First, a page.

But beauty is another thing altogether. It is always around us, everywhere, whether we notice it or we don’t. And it is impassive regarding our noticing. The flowers are going to bloom and be beautiful whether we stop to look at them or not. They won’t even hold it against us if we just walked on by without a glance. And they will be just as beautiful and welcome us back when we do stop to notice.

    These quietest of moments, of noticings, of humility and grace…there is nothing in them to harm ourselves with.

  9. Posted February 25, 2014 at 8:41 pm | Permalink

    At a time when I could hardly see, you handed me a can-opener and a map. I adore you.

  10. Posted February 25, 2014 at 9:10 pm | Permalink

    This is wonderful. I’d never seen that quote before – makes me curious about Henry Miller! Enjoying the simply beauty of the path in the grass made by our dog.

  11. Milly
    Posted February 26, 2014 at 1:58 pm | Permalink

    Thank you Andrea. As ever, you find a way to verbalise thoughts and feelings that hover elusively in the outer reaches of my mind. Thoughts and feelings I thought were quirks of me, but it turns out I am far from alone. When I am taking photos, when I am truly looking and seeing the world around me, then I feel all at once vibrantly alive and totally at peace.

  12. Posted February 27, 2014 at 5:08 pm | Permalink

    Having struggled with depression for quite a while and stubborn about any sort of pills, I find myself in total agreement with you: gratitude is the most powerful kind of medicine. My journey out of misery began when I started taking your photography courses and continues with my daily gratitude journaling. Thank you!

  13. Posted February 27, 2014 at 5:09 pm | Permalink

    This is exactly what I needed to read today as grief and I become fast friends. I will take your words and my camera with me today as I spend another bittersweet day with my beloved father. Thank you for this post.

  14. Posted February 27, 2014 at 5:30 pm | Permalink

    I love your blog. Sometimes I’m moved to tears about the beauty around me, in all things- people, experiences, music, animals….it’s just a matter of being present I find. Other times this beauty eludes me, as I become consumed and stressed about mostly insignificant things and “chasing my tail”. I just picked up my SLR camera last night, after a long hiatus, funny I should come across this today!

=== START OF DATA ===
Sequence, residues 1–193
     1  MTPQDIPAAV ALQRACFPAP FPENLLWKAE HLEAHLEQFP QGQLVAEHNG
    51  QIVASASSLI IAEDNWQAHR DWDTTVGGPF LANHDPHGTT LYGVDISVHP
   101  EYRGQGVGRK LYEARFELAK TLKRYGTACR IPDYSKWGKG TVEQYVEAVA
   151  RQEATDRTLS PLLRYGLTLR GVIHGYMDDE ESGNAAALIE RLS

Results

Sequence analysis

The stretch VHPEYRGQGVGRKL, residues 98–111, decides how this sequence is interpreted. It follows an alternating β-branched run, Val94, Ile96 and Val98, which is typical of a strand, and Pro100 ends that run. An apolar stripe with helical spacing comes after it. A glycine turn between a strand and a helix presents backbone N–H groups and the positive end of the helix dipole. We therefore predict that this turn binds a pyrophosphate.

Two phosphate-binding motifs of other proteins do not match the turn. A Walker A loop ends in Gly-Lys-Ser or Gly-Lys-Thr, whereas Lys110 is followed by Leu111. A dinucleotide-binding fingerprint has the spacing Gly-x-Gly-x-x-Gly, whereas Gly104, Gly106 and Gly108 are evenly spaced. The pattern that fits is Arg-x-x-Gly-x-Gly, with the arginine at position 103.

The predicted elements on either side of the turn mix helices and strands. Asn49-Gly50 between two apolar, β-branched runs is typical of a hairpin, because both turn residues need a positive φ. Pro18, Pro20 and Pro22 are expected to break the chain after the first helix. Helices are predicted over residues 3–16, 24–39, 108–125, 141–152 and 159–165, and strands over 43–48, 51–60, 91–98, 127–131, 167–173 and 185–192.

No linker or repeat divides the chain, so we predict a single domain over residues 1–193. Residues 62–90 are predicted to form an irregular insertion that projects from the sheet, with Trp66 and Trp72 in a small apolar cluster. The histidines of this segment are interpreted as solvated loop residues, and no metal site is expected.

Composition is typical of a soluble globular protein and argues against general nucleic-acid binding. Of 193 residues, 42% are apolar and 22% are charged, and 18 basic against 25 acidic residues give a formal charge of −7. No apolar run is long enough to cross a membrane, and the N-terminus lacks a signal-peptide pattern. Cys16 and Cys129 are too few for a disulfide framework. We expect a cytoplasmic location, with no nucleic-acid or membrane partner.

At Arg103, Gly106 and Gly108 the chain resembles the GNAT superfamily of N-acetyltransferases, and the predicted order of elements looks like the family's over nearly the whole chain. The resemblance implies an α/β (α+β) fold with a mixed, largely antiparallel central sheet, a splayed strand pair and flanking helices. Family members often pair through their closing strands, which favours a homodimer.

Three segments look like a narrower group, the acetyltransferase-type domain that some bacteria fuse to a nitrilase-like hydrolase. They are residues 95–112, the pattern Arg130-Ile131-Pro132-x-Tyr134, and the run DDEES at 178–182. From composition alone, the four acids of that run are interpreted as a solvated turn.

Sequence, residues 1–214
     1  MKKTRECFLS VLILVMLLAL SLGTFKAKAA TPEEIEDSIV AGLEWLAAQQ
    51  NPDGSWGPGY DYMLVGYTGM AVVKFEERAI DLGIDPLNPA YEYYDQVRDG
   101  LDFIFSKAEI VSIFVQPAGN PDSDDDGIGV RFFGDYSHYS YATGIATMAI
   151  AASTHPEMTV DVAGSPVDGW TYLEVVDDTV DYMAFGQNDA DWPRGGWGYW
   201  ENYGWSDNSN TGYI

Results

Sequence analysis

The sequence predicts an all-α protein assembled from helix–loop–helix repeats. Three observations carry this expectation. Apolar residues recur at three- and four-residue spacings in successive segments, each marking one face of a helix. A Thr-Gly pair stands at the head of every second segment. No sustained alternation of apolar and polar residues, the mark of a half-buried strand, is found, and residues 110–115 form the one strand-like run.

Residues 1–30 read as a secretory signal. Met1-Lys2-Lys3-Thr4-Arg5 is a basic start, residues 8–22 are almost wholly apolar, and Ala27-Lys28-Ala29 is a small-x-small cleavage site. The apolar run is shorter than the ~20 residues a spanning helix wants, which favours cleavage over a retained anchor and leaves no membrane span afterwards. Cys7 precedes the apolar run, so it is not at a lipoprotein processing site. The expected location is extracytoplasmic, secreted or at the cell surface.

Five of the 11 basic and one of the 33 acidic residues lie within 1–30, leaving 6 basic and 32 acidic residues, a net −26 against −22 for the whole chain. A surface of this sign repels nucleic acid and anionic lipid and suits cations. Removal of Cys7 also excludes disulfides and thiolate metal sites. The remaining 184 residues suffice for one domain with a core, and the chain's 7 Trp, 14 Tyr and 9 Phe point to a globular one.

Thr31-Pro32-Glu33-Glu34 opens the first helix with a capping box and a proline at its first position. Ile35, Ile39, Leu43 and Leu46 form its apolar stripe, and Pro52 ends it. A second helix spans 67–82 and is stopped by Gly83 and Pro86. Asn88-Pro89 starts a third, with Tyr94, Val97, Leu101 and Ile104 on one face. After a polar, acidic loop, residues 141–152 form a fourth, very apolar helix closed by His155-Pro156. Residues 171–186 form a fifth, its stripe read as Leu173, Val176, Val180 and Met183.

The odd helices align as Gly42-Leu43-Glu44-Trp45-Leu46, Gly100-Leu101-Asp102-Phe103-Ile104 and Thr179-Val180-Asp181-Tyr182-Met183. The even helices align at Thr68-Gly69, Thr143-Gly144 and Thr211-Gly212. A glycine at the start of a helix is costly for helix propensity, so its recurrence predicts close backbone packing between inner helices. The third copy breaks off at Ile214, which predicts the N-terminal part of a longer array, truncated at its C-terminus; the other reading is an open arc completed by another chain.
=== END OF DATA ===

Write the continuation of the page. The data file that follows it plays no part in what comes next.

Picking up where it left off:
15. Posted February 27, 2014 at 6:29 pm | Permalink

    Taking those photos is like capturing a prayer. And aren’t you grateful you saw those dew drops? You just need to change the aperture on your personal gratitude viewfinder. When you send out the photos of your kids, I know those moments are ones you’re grateful for. I think sometimes we save gratitude for really big occasions and that’s not where it’s at. I’m just blogging about this today.

  16. karen
    Posted February 27, 2014 at 6:35 pm | Permalink

    such a beautiful quote. thank you for sharing your cigar box treasure. i can’t believe Miller wrote it. i never associate him with beauty. always found his books a tad self-centered and macho. but i did read them in my 20s so maybe i need to revisit. or maybe he was on lsd when he wrote this :)

  17. Posted February 27, 2014 at 6:56 pm | Permalink

    What a lovely post, Andrea. Thank you! thought my tussle with sustaining a gratitude practice was mine alone. I will follow your lead and use my camera to fill my heart with beauty as a way to practice gratitude.

  18. Posted February 27, 2014 at 7:07 pm | Permalink

    Andrea, Thank you for sharing the gift of the Henry Miller quote and your response to it. I am going to copy the quote into my sketchbook: a place where I keep treasured quotes along with drawings and ideas for new images. We can all stand to be reminded to breath and to look outside ourselves while drowning within.

  19. Posted February 28, 2014 at 10:13 am | Permalink

    Thankyou for sharing your thoughts they have really hit home..

  20. Posted March 1, 2014 at 7:54 pm | Permalink

    your words hit home and resonate with my heart…i understand.

  21. Posted March 1, 2014 at 9:33 pm | Permalink

    Lovely photo, lovely words. Beautiful share from your secret stash. Thank you for the gifts you share here.

    “Taking pictures is savoring life intensely, every hundredth of a second.”

    - Marc Riboud

  22. Posted March 2, 2014 at 8:15 pm | Permalink

    Yes. Yes. The bits of visual and written poetry have saved me time and again.

  23. Posted March 5, 2014 at 9:45 pm | Permalink

    You had me at the title. Since it’s something of a mantra of mine that grows stronger and more insistent with every passing year. Having a blog, having creative projects of many varieties, and having a personal Pilates practice all save me from my mind day in and day out.